November 24, 2010 by tristan savage
Katy and I just returned to Nashville after a several-day journey back from Columbus, GA, where Katy was arrested and held for 32 hours by the Columbus police when they attacked a group of us at the yearly vigil to close the School of the Americas.
The School of the Americas is a training camp run by the US Army for Latin American soldiers, in which training includes techniques for kidnapping, assassination, and torture. SOA graduates who return to their countries have gone on to murder thousands of their own citizens, detain many more, and in more than a few cases (including the recent military coup in Honduras in 2009) overthrow their civilian governments to establish military dictatorships. The School of the Americas Watch is a network of solidarity activists who reject this violence done in our name and with our money, and are working for the closure of the SOA.
24 people, including Katy, were arrested while leaving the protest and held on extremely high bail (averaging about $5000). Judge Michael Cielinski, after declaring to the court that his purpose was to “separate the wheat from the chaff”, found 23 of the 24 guilty on all counts (typically, “picketing” and “demonstrating without a permit”), and the total of bonds and fines exceeds $75,000 (which does not include appeals). The judge made these decisions even after multiple police officers testified in court that most of those arrested had broken no laws and some were even arrested entirely by accident.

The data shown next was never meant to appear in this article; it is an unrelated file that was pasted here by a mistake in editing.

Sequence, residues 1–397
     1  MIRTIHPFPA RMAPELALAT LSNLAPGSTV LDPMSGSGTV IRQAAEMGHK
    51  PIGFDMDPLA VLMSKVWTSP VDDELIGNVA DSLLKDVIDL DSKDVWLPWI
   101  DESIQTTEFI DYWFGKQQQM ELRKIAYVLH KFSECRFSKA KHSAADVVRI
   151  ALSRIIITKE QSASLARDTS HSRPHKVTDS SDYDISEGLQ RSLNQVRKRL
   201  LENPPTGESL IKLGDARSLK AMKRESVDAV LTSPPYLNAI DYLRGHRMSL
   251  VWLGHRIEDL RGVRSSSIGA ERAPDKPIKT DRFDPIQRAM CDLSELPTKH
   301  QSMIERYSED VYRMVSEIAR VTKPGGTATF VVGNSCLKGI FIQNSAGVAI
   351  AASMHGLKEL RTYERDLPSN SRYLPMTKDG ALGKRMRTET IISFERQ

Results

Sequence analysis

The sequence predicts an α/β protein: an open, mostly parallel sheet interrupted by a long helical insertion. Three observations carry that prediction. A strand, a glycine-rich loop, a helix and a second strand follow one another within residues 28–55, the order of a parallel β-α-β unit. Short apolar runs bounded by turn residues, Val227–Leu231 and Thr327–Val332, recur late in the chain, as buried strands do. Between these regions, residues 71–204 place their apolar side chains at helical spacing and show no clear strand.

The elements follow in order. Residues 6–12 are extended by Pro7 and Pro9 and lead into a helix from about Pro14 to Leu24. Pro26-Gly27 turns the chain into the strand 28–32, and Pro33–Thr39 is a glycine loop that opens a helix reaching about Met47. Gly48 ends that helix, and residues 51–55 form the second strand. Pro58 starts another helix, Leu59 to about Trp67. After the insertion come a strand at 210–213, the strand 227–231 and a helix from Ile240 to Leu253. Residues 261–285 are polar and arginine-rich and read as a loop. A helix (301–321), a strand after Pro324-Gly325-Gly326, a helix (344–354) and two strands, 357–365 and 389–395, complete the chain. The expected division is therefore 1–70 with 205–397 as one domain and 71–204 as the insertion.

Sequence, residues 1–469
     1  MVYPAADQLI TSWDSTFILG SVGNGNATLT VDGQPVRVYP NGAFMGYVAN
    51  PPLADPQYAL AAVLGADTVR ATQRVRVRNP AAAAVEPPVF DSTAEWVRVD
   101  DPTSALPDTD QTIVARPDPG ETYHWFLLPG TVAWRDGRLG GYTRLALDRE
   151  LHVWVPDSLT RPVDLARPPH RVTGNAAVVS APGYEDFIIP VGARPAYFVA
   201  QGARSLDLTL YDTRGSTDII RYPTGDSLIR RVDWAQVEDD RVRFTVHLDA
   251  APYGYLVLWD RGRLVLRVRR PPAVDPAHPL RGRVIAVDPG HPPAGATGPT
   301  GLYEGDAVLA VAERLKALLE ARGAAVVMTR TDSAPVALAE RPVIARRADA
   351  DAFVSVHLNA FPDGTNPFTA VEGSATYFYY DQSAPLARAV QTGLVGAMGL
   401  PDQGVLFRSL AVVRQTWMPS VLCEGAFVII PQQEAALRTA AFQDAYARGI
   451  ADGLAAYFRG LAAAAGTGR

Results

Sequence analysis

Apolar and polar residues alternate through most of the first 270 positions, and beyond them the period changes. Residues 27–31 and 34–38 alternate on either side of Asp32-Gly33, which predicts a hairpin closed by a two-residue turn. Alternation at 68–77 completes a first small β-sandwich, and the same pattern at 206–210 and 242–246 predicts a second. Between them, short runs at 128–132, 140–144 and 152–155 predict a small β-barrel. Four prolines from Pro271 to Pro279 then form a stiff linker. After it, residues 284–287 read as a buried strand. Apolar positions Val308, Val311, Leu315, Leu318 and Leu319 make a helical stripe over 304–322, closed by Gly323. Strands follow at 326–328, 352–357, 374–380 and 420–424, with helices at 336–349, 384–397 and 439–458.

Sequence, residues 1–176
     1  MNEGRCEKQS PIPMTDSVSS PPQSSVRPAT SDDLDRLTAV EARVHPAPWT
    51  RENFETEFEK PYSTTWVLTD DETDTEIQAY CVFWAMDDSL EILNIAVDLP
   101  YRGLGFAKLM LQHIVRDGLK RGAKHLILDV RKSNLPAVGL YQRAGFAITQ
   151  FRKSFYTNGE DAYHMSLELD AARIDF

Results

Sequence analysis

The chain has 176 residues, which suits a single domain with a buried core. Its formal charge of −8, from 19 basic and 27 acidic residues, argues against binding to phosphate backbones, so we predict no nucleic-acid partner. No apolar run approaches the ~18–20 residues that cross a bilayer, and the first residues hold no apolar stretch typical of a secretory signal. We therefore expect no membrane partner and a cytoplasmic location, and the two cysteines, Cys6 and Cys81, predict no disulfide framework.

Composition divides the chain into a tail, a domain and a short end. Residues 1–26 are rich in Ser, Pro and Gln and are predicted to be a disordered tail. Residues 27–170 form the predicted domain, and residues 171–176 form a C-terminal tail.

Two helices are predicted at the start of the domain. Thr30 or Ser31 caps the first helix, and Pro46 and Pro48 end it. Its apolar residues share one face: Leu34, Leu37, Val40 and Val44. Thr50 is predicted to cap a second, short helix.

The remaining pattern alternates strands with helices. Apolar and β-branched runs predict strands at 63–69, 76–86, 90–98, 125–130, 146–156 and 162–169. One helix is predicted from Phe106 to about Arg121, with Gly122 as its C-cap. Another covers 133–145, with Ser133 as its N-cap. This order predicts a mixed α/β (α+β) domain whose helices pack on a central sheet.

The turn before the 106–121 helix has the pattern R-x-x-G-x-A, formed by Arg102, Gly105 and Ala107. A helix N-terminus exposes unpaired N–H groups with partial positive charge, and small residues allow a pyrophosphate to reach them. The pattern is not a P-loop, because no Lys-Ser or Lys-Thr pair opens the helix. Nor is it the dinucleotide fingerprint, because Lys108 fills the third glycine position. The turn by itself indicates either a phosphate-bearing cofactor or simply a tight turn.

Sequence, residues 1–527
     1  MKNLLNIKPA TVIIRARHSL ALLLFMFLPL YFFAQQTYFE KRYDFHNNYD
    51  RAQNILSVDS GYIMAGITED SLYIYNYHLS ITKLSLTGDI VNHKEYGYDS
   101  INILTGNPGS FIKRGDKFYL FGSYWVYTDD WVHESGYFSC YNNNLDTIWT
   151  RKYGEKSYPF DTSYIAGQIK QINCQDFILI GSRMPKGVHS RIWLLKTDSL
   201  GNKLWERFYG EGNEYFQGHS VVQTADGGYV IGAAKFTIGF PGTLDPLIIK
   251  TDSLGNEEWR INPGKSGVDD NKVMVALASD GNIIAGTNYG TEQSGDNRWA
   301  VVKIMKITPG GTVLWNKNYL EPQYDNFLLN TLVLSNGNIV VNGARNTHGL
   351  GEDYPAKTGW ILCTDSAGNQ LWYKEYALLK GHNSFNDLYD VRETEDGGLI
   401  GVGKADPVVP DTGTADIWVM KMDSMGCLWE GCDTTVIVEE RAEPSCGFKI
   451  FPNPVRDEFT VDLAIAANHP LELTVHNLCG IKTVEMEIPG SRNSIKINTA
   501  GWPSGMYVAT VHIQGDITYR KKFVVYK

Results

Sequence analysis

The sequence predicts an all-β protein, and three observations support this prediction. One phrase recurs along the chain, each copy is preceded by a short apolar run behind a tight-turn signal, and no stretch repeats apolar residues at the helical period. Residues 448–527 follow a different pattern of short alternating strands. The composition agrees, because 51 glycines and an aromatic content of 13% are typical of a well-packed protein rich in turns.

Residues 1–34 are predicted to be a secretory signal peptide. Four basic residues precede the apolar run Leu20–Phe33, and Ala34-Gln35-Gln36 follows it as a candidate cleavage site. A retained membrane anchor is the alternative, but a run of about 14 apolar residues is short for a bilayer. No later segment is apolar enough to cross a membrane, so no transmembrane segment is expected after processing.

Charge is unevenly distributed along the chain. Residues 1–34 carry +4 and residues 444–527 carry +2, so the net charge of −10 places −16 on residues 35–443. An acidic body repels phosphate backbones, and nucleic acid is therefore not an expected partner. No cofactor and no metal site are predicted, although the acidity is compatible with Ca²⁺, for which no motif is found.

From SOA Watch, as of Monday morning:
We have seen extraordinary solidarity in our movement in raising the money needed through loans and donations to release everyone arrested. People were trickling out of the jail until 4am this is morning. We have been able to raise close to $30,000 in an extremely short amount of time. This is unprecedented for SOAW. We are so grateful for both the people present here in Fort Benning, and our network across the Americas where donations and loans have been pouring in to ensure the speediest release for the arrestees.
We encourage you to help spread the word to ensure the people who put themselves on the line are taken care of by our community. Please donate here. We still desperately need to pay back our loans and raise additional money that will be needed for the state charges and court fees.
We will post a more detailed update soon with Katy’s story, but we hope you can join us in supporting our fellow prisoners and activists in this unprecedented wave of repression against peace activists.